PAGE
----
A scientist tests the outside of a pair of Adidas soccer boots for chemicals. (File photo)
A Greenpeace investigation has revealed that 2014 FIFA World Cup Brazil soccer merchandise produced by the three main sponsors of the upcoming event — Adidas, Nike and Puma — contain toxic chemicals, reports Hong Kong's Wei Wen Po.
The investigation by Greenpeace Germany tested related products marketed in 16 markets such as China and Hong Kong ahead of the tournament, which starts on June 12. A total of 33 items were tested including boots, jerseys, goalkeeper gloves, and the official "Brazuca" ball; among them 20 items are targeted at children.
Over 80% of the boots and half of the gloves were found to contain high levels of toxic perfluorinated compounds (PFCs), while 61% of all the samples contained the chemical nonylphenol ethoxylate (NPE). One pair of children's soccer boots, Nike Hypervenoms — the adult versions of which is worn by England's Wayne Rooney — were also found to contain 0.3mcg of PFCs, 9,000g of dimethylformamide (DMF), and 37,000g of NPEs per m2, a toxic chemical combination.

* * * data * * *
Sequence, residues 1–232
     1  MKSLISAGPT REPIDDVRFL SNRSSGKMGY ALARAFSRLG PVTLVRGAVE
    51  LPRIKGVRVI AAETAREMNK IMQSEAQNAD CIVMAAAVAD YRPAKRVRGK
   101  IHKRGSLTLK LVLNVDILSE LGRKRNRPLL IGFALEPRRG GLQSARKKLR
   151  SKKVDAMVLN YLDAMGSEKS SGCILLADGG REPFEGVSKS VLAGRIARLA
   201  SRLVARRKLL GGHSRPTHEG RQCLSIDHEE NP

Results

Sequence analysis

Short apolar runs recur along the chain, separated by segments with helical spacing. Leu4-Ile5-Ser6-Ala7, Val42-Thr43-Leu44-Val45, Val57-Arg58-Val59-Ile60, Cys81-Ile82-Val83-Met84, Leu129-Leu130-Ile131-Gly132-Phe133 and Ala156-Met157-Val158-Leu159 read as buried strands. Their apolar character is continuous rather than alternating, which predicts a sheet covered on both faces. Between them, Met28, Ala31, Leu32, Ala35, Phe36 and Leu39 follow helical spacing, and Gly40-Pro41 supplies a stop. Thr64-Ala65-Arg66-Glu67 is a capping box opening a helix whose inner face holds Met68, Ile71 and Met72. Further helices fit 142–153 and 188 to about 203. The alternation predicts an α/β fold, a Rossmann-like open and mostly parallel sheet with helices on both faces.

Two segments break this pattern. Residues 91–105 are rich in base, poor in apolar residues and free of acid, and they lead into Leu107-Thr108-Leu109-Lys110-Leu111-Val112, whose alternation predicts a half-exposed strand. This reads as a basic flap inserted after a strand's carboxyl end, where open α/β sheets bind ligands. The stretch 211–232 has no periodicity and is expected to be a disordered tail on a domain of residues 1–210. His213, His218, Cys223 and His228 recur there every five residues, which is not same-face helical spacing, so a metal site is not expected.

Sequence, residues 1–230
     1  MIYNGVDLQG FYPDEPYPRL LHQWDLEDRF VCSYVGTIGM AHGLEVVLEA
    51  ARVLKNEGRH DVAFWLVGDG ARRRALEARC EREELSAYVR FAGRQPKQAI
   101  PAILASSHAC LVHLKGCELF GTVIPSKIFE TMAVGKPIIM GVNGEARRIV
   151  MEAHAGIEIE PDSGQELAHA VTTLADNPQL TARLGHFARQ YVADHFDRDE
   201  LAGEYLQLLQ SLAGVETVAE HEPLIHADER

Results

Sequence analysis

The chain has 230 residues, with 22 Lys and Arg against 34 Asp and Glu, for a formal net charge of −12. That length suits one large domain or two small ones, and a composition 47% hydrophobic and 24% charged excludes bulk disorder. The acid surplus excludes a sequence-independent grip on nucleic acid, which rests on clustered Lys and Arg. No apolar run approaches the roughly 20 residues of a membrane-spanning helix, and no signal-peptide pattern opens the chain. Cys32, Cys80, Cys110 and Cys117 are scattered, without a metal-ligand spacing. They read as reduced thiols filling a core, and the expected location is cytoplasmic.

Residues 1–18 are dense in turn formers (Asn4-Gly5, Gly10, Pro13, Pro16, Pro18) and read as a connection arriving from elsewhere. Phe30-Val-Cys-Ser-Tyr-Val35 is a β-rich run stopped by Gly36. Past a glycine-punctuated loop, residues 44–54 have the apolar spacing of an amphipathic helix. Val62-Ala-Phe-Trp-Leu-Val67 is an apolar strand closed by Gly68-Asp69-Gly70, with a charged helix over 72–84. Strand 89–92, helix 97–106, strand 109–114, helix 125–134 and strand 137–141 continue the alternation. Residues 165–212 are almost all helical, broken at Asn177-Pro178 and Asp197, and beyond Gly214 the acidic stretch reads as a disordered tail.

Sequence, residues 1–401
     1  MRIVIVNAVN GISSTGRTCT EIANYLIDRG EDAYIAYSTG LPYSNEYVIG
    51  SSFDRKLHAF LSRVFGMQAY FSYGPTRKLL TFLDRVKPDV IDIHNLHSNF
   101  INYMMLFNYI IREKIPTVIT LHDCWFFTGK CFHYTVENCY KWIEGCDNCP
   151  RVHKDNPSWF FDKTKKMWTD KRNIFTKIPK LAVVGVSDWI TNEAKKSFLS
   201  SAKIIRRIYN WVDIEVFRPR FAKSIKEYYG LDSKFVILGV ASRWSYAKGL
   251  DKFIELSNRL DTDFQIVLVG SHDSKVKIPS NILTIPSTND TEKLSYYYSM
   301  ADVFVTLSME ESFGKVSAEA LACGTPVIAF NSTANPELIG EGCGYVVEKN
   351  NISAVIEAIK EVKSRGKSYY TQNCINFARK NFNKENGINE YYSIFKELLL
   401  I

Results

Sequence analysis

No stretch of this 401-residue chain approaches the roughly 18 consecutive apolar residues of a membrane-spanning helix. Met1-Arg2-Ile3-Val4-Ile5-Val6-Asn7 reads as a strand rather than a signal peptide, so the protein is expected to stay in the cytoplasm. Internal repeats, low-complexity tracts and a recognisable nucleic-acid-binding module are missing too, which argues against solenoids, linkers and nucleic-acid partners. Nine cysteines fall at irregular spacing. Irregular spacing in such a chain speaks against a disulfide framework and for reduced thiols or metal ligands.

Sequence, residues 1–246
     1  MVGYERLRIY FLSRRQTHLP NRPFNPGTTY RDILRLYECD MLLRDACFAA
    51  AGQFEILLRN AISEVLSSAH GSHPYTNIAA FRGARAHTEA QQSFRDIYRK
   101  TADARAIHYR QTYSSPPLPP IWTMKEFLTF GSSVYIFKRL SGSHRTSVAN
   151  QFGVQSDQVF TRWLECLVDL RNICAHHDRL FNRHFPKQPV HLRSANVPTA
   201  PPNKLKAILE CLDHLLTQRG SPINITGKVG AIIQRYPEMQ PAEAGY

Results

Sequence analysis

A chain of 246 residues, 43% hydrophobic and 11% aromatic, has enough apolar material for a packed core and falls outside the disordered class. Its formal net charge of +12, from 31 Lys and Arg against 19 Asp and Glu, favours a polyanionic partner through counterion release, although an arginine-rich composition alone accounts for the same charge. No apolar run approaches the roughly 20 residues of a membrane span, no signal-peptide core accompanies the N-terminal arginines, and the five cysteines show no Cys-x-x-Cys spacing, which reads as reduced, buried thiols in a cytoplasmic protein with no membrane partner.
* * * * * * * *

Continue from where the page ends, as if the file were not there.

The manufacturers have said that their products are safe to wear and that the use of such chemicals, used mainly to increase the flexibility of materials, is within legal limits, Hong Kong's South China Morning Post reports.
However, Greenpeace warned that the substances are harmful to the human body and can damage the development of the reproductive and immune system, especially in infants. The global environmental group urged the manufacturers to stop using the substances.
A number of restrictions have already been placed on the sustances found in the products, according to Greenpeace. The investigation found DMF in all of the tested boots and the ball. The chemical is widely applied in the production of artificial textiles and leather, but it easily permeates through human skin and is known to harm the reproductive system. As a result, the EU has listed it as a priority to be regulated.
The Greenpeace report indicates that it is commonplace in the textile and garment industry to use toxic chemical compounds, Wei Wen Po said, adding that a number of toxic substances remain unregulated, without a standard limit for allowed chemical residues. More must be done in the industry to reach a consensus and abandon the use of the chemicals, it said.